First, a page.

How to Help a Shy Child Socialize
The do’s and don'ts of helping a shy child succeed
Shyness is a common behavior that most children will experience at some point or another during their developmental years. Children often become less shy overtime or may overcome this phase altogether. When it comes to helping a shy child socialize, it’s important to keep a few things in mind.
What Exactly is Shyness?
People often use terms like “shy” interchangeably with “social anxiety” or “introverted,” and this is typically not accurate. Shy children often feel awkward in social settings and fear being judged. Social anxiety is a diagnosed disorder where the feelings of shyness tend to disrupt everyday life. Introversion, on the other hand, is completely unrelated to shyness or social anxiety but rather refers to a person’s preference for being alone or in small social groups instead.
It’s also important to remember that shyness isn’t necessarily a weakness. Modern society tends to be biased toward extroverted personalities so shyness can often be falsely perceived as a negative character trait when that simply isn’t true. In fact, shy children are often more observant, cooperative, compassionate, and have far more self-control.
- Practice social skills. Some children feel very uncomfortable in new social situations so practicing in an environment where they feel safe can often increase their confidence. Giving your child a way to prepare will likely decrease anxiety.
- Arrive early for new social situations. By arriving early for any new social experience, shy children have an opportunity to warm up before others arrive.
- Listen to your child. Take in their concerns without being dismissive.
- Follow your child’s interests. If social activities focus on subjects or activities that your child is naturally drawn to, they are more likely to get involved without hesitation.
- Be a secure support system for your child. Reassure them that you will be there if they’re feeling nervous and remember that times might arise that call for exiting from an overwhelming situation.
- Refrain from assigning a label to your child’s shy demeanor. If you, as a parent, label your child as shy, they are more likely to assume that role. Moreover, don’t allow others to label them either. Frame their personality as “reserved” or “not talkative.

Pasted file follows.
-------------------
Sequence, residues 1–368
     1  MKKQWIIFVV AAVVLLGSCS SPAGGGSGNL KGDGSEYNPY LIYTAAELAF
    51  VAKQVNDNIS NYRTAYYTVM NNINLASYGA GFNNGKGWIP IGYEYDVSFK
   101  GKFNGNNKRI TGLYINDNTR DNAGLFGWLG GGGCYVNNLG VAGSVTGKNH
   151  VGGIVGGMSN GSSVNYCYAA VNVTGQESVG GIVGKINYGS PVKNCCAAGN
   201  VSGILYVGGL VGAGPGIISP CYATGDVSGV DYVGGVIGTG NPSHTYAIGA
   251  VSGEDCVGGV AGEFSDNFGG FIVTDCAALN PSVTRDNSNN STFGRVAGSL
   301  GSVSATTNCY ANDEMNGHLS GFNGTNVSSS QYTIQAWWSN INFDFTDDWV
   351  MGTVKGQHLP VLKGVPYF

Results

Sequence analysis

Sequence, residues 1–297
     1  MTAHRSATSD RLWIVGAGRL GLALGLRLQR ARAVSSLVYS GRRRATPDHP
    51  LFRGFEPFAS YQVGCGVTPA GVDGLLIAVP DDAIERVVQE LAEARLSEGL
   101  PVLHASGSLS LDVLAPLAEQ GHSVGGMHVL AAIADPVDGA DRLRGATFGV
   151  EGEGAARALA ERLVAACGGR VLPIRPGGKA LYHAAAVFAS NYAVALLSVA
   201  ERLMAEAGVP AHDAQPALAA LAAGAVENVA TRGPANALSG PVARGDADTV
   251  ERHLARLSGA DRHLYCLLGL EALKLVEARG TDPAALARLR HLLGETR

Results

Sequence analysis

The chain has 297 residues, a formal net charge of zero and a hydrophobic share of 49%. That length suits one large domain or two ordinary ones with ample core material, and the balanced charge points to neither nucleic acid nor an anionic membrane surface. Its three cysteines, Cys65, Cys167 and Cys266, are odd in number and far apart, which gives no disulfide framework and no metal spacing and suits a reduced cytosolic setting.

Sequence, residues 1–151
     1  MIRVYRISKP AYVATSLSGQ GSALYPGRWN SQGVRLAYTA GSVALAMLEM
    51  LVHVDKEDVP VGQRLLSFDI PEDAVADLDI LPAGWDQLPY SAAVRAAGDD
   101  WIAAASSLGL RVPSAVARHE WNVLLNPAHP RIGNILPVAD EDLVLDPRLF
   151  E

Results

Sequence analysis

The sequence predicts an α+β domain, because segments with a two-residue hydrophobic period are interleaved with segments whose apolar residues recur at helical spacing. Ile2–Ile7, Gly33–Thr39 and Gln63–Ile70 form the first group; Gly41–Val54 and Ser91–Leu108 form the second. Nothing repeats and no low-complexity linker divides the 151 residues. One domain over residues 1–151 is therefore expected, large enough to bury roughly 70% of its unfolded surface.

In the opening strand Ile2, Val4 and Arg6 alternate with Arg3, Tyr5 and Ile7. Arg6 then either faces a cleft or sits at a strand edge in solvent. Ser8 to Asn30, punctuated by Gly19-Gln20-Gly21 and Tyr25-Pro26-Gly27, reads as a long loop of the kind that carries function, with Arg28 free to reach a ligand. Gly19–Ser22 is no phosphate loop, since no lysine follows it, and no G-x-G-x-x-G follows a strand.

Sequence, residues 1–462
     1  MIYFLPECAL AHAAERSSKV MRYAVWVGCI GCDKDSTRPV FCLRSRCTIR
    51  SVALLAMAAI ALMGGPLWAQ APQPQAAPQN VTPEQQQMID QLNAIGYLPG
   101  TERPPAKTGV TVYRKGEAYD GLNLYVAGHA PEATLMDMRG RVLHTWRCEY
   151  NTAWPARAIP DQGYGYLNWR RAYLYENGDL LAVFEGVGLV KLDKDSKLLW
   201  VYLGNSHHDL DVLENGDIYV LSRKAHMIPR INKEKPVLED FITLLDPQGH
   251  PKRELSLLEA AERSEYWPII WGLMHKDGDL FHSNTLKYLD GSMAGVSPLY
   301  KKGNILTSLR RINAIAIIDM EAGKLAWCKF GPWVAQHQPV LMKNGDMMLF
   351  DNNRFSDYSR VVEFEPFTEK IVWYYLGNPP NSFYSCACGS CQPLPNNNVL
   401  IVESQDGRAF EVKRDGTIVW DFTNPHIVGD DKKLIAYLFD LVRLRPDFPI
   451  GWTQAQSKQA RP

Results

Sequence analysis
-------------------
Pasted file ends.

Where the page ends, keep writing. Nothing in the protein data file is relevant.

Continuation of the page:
- Don’t overprotect them or coddle them during challenges. If children are overprotected, it sends a message that their fearful reaction was justified.
- On the other hand, don’t overly force them into situations. Forcing a child into an overwhelming social situation will only further distress them. Remember that the pace might be slow at first.
- Most importantly, don’t worry about shyness too much. Everyone doesn’t need to be an over-the-top extrovert and having a few key relationships can still lead to a fully developed and fulfilled life.
Be sure to discuss all of these strategies with your co-parent so that you present a unified front when dealing with your child’s shyness. Communication is vital to your child’s success and TalkingParents features like Secure Messaging and Accountable Calling allow for co-parents to always be on the same page concerning their child. The Shared Calendar feature also allows co-parents to be in sync on their child’s social functions, or the Info Library can easily store notes regarding successful tactics for dealing with your child’s shyness.
Keep in mind that the stress of divorce or separation can have a great impact on a child, and some of these behaviors could be a direct result of that, especially if the divorce is recent. During the first year following separation, children are likely to experience emotions like distress, anger and anxiety. They might also retreat inward which could present itself as shyness. Maintaining a peaceful homelife can greatly help combat these feelings and could even prevent them altogether.
However, if you find that your child’s development is being hindered by their shyness, there may be a deeper seeded issue. They could be suffering from true social anxiety, and consulting with a child therapist could prove beneficial. Be sure to discuss with your co-parent regarding seeking professional help as they will be integral in guaranteeing your child’s social and emotional growth.